Christmas is a magical time of year when happy memories are often made, but the festive season can also be a source of great anxiety caused by the extra workload, financial pressure and anticipation of potential family disputes.

The responsibility of hosting Christmas can be overwhelming, as we are expected to produce the perfect meal, beautiful table decorations, gleaming cutlery and sparkling glassware. A way of lifting some of the pressure would be for each family member to contribute so everyone can enjoy the day. Perhaps one could prepare the starter, another cook the main, and another prepare dessert. Don't worry if anything goes a little wrong, as it should be fun just being together round the table enjoying each other's company. And do remember, everything is enjoyable in moderation. Too much alcohol could ruin the day, not only for you but for those in your company, and try not to over indulge in the seasonal fayre, to avoid any unnecessary ailments. After the festive lunch, instead of settling down to watch television, perhaps you could enjoy an invigorating walk with the family.

The purchasing of presents at Christmastime can be extremely stressful. Organisation is the key to avoiding any last minute panics. Shopping online can make life so much easier, by avoiding huge crowds and having to deal with heavy loads of shopping. Work out what you really need, and stick to a budget. If you are concerned about the expense, consider writing some gift vouchers, which cost nothing. Adults could be given personal vouchers for your offer of babysitting, house cleaning, ironing or gardening. Edible treats wrapped festively would be well received. Or, if you can knit, perhaps a cosy woollen hat and scarf. For the children, how about making some mini family albums, as children love looking at family photographs. Everyone would be sure to love these thoughtful personal gifts.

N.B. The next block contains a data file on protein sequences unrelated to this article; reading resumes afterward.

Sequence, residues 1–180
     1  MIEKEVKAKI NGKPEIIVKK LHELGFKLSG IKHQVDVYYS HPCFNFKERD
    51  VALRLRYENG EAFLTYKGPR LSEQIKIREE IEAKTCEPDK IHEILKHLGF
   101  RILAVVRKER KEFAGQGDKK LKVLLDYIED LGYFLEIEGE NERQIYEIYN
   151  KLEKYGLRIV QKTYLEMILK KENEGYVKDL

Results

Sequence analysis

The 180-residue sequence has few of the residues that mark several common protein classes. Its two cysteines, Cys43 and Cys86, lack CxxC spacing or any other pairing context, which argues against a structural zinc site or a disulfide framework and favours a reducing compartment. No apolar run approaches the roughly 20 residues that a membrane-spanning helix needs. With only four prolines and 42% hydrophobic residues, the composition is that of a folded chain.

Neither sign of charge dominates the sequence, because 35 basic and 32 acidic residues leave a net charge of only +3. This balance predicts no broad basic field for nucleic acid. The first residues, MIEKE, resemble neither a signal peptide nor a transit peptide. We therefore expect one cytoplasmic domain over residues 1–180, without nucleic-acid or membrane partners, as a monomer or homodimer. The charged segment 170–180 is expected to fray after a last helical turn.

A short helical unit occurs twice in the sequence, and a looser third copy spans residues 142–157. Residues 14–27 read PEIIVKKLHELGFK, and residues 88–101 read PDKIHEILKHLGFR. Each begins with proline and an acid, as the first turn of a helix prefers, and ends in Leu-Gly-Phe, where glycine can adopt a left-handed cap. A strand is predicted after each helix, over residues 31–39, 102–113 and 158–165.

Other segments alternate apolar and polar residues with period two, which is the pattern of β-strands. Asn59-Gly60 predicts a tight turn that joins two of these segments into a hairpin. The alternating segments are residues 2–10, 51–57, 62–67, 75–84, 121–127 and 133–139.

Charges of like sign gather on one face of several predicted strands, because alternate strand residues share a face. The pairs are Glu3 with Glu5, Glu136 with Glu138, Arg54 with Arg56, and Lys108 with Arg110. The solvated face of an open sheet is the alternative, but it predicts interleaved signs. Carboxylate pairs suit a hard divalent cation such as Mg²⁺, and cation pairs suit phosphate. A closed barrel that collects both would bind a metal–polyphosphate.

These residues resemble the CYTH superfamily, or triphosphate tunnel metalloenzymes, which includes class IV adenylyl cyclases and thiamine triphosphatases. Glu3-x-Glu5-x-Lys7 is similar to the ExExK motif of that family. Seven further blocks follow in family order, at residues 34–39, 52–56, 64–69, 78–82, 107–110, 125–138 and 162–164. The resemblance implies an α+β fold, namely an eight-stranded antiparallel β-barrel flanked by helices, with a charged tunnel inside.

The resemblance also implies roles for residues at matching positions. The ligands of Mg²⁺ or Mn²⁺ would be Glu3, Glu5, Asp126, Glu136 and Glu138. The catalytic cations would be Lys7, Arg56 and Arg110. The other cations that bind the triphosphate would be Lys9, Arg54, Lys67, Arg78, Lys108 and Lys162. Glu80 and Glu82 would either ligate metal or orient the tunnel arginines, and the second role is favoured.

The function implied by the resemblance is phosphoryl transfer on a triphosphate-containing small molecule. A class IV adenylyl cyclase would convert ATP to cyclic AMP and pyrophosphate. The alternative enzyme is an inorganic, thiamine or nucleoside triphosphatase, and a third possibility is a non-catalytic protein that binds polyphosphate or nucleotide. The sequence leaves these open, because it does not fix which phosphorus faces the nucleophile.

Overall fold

If you feel torn between invites during the festive period, try to choose the fairest option and perhaps suggest one member hosts Christmas this year, and the following year another takes their turn. If there are any unresolved issues amongst the family, agree to not discuss these until the New Year, and focus on the children as top priority, particularly in the case of those from broken relationships. Christmas can remind us of those we have lost, so try to celebrate their memory by raising a glass to them, or if your grief is too painful, allow yourself some time out for recollection.

If you know of anybody who is likely to be on their own at this time, give them a friendly phone call, and if you're able to extend a festive invitation to them, even better. If you are facing Christmas alone, perhaps consider volunteering at a soup kitchen or animal shelter which would help make a difference to someone's life and provide you with company.
Focusing on the traditional side of Christmas, having realistic expectations, enjoying the festive treats and relaxing together will bring a sense of closeness at this special time of year. Just being with our nearest and dearest is all most of us need to create the perfect Christmas.

Thankfully the majority of us will enjoy what Christmas brings, but for many the time of year makes no difference to their suffering. Whatever the problem is, or however difficult things may seem, no one has to manage alone. There is always someone to offer help and support at the end of the telephone.

Here are some useful free phone numbers to have in case of an emergency situation. Please note these services are available 24 hours every day, including Christmas Day:

Alcoholics Anonymous: 0800 9177 650 www.alcoholics-anonymous.org.uk

ChildLine: 0800 1111 www.childline.org.uk

Domestic Violence: 0808 2000 247 www.refuge.org.uk

Samaritans: 116 123 www.samaritans.org

Silver Line: 0800 470 80 90 www.thesilverline.org.uk